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East side of the Barbegal mill complex looking north. The buildings on the left are the millbuildings where the grain was milled, the higher walls and basins on the right are the waterbasins of the mill complex that housed the water wheels. Robert Fabre, Saint Etienne du Grès, France

original article:

Populararchaeology

New information about one of the first industrial complexes in history revealed.

Analyzing carbonate deposits from a second century AD Roman watermill site – thought to be one of the first industrial complexes in human history – has revealed characteristics of the mill, including its nonuse for several months of the year. These findings suggest that the Barbegal mill site was not the Roman city of Arelate’s main flour supplier as hypothesized, but rather it was likely used to produce non-perishable “ship’s bread” for the many ancient ships that visited the major ports of Arles during certain times of the year. These findings shed light on the variable uses of ancient mills, as well as on their maintenance and on the destruction of the related sites, information that has otherwise been hard to decipher for these ancient formations. Over the past decades, the unearthing of Roman mill sites has offered proof of notable innovation during the Roman times, especially in the field of hydraulics. A key example of such a watermill is located at Barbegal, in southern France. However, since its discovery in 1937, little has been revealed about its unique history. Gül Sürmelihindi and colleagues sought to discern more about the mill’s use by analyzing 142 carbonate deposits from the complex. Formed on the now decayed wooden parts of the watermill that had been in contact with karst springs, these carbonates can preserve information of the environment of the complex. The fragment samples can be split into two groups: large carbonate slabs that formed in water channels that turned the wheel (millrun flumes) and deposits that had formed on the wooden part of the wheel. Stable isotope analyses of oxygen and carbon showed a distinct, cyclical pattern in the deposits, suggesting interruptions of the water flow during the late summer and autumn, a pattern of activity in accordance with Roman shipping activities, the authors say. Roman shipping usually halted in late autumn, meaning flour production to support shipping could have subsided then, too. Thus, they propose that the mill’s main use was not for widely consumed flour but specifically to produce non-perishable ship’s bread.

 

Mill basin of the Barbegal mill with carbonate deposits.
Robert Fabre, Saint Etienne du Grès, France

 

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Interior of Grotta Paglicci, Italy, with wall paintings. Image courtesy of Stefano Ricci.

Original article: 

Posted September7, 2015

Popular archaeology
Grinding tool dated to more than 32,000 years ago used to grind grains into flour, say researchers.

Researchers report early evidence of flour production by ancient humans. Recent interest in ancient diets has led to the collection of extensive data about the variety of plants eaten by early humans and ancient food processing capabilities. Marta Mariotti Lippi of the University of Florence and colleagues analyzed the residues from an ancient grinding tool to gain further insight into food processing practices of the Early Gravettian culture of ancient Europe. The tool was found in Grotta Paglicci in Southern Italy in 1989 and dates to more than 32,000 years ago. Residue samples from the tool contained a variety of starch grains, and the distribution of the starch grains on the tool surface supported the use of the tool for grinding grain into flour. The presence of swollen, gelatinized starch grains in the residues suggests that the plants were thermally treated before grinding. Such a treatment might have been necessary to accelerate plant drying during the Middle-Upper Paleolithic, when the climate was colder than at present. The most common starch grains in the residues appeared to come from oats, representing the oldest evidence to date of the processing of oats for human consumption. The findings suggest that the inhabitants of Grotta Paglicci may have been the earliest people to use a multi-step process in preparing plants for consumption.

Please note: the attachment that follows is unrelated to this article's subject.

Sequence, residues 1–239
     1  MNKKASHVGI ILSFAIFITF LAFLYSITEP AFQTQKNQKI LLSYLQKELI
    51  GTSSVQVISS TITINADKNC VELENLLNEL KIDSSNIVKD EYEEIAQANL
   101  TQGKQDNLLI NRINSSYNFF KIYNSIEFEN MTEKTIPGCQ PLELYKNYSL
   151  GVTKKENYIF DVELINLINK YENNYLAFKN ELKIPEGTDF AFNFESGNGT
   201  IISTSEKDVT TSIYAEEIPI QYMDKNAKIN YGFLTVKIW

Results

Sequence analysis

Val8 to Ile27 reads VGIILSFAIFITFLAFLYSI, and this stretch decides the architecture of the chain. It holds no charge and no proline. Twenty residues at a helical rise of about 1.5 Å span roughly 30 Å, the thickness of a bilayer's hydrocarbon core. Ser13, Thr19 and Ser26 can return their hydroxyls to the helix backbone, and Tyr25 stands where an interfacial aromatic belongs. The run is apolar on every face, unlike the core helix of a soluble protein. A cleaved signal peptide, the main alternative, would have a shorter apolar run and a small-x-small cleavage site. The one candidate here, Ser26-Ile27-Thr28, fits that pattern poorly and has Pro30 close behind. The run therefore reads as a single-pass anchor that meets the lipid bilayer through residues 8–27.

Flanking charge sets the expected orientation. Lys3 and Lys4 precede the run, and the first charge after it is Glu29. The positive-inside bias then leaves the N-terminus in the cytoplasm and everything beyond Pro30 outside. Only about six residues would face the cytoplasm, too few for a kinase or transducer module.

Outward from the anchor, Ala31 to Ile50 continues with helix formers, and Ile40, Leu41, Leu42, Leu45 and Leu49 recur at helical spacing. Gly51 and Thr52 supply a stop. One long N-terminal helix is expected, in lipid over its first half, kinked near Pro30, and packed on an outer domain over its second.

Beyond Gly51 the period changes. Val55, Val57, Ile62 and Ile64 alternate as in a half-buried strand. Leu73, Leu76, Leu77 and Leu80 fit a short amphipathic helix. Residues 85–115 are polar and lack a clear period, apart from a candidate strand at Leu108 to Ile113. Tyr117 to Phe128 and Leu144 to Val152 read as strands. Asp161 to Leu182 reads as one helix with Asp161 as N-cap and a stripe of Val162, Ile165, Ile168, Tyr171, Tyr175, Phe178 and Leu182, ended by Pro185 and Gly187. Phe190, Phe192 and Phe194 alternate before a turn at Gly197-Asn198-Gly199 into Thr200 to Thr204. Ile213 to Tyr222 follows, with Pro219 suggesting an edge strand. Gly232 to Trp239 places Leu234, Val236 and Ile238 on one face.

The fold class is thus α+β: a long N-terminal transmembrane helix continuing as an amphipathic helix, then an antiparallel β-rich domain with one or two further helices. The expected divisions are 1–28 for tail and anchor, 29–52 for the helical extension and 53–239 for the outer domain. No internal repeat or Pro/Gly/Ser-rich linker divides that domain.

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Topic: Bark used to make flour

The article below is fasinating it goes to show just how far man will go to feed himself as well as preserve nature around him.

The mysterious scars on ancient pine trees in northern Norway have been explained. The pines were once used as a food supplement.

During a recent mapping of the rare virgin forest in and around the Øvre Dividalen National Park in Troms, Norway, scientists noticed some scars reappearing on the trees. Many trees had some of their bark cut away on one side, leaving marks that were hard to explain.

Arve Elvebakk of the University of Tromsø (UiT) headed the study. He worked together with Andreas Kirchhefer, an expert in dating old trees by tree-ring analysis. He had already used ancient pines to chart weather and climate conditions.

Could the cuts in the bark have been left by settlers who started farms in the Dividalen valley in 1850? These dalesmen logged the pine forest, but the scars appeared to be from long before this.

Some suggested the cuts in bark could have been made by indigenous Sami herders as markers of reindeer migration routes and indicators of territorial grazing rights – or simply as signs marking footpaths.

A third proposal was that the cuts were made by Finnish immigrants who used the trees for bark bread. In hard times with failed crops and famine at home they could cross over to Norway in search of food and game.

“How wrong we were,” says Elvebakk.

The mystery was solved when the scars in the bark were dated back to the 17th and 18th centuries. This was over a century before the dalesmen arrived. There were also too many of the scars for the footpaths or reindeer routes theory to be plausible.

“It turned out that this came from the ancient Sami practice of harvesting pine bark for food,” explains Elvebakk. “In a laborious process the bark was converted into flour that could be used in cooking.”

This was a tradition that had been lost in Norway. But in Sweden research on the theme has been conducted for the last couple of decades, and the solution to the Norwegian bark mystery was given by studies in the neighbouring country.